2. Hi Nathan,

    I am interested to read what you have written here, and find myself perhaps somewhat in between David’s and your camps in how I learned bird voices. I learned much of what I know from a mix of listening to published and non-published recordings as well as making my own (and, occasionally, learning a sound without recording it, which is my least-favorite method!). That said, I still remember my first time hearing the dawn song of Cassin’s Kingbird at Cave Creek in 1988, and thinking it was a nightjar because of time of day and tone. Clearly, since Buff-collared has never been heard there (nor is it likely to be), that didn’t enter my mind as a suspect, but the voice certainly did not register as a tyrant flycatcher. Happily, I recorded that sound and played it later to Kenn Kaufman, asking what the voice was, and he told me it was Cassin’s Kingbird. I think I was unaware of the concept of “dawn songs” and how different they can sound from the daytime songs of tyrants (and other birds), and the identity of the singer in that case really amazed me! I still think that, even though Phillips and the other authors may have misrepresented the similarities in pattern, a Cassin’s Kingbird sounds far more like a nightjar (in tone) than any Vermilion ever does, and Cassin’s Kingbird is far more likely to be misidentified as one.

    Now, after many years of identifying mystery bird voices, I find that it is more often the *tone* of a voice that gives me a clue to an unknown bird’s identity, and *then* I concentrate on pattern. Perhaps growing up in North America, an environment that is overwhelmingly dominated by the sounds of oscine passerines (and their dialect forming), has given me a leg up in uncovering the ID’s of neotropical birds (which are largely suboscines, such as tyrant flycatchers, and are less prone to dialect-forming), but I find it easier to wade through the confusing variation of song *pattern* of different populations within a species and concentrate on *tone* to make my first filter of what the voice can and cannot be. Is it a woodcreeper? A tyrant? A parulid warbler? Only then do I listen to the pattern. It is seldom the case that the pattern is more important than the tone in identifying a song. There have been a few instances where it is true, to be sure, but in my experience, these are far fewer than the other way around.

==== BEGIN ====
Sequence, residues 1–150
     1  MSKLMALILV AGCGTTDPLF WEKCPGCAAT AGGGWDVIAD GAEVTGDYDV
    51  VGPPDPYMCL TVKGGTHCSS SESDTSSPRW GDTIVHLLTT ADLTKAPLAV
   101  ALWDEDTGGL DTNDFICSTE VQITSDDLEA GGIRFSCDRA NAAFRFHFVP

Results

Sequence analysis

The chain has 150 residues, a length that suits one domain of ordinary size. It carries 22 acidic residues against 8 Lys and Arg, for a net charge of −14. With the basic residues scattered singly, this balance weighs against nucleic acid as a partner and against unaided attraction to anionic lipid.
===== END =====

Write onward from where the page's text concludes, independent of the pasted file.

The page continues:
So, I guess this is a long-winded way of saying that we humans hear, learn, and identify sounds in very individual ways. No one person’s way can be repeated by another. This is frustrating, and hampers our ability to communicate about sounds (which is ironic, since we so often communicate *with* sounds!). But I think it is a truth. That said, I see your emphasis on pattern over tone to be a little too black-and-white. It may be easier to quantify pattern, but it is also easier to be fooled by it. I remember, as a child, looking at the spectrograms published in the Golden Guide and wondering how on earth those could help a user? Frankly, I still do when I look at them today! In most cases, they are using one song of one individual of a species that probably has a large repertoire, and also probably has many dialects, and expect it to be of use to the average birder. Even worse, it’s hard to know the starting pitch of a sound as represented on a spectrogram, particularly since sound is perceived logarithmically, but spectrograms are not usually published that way (so particularly low-pitched sounds are hard to distinguish in frequency on spectrograms). This is not to criticize the usefulness of spectrograms– heck, I use them all the time! But to me they still cannot capture the important essence of a sound, one that is of utmost importance to me in trying to identify it.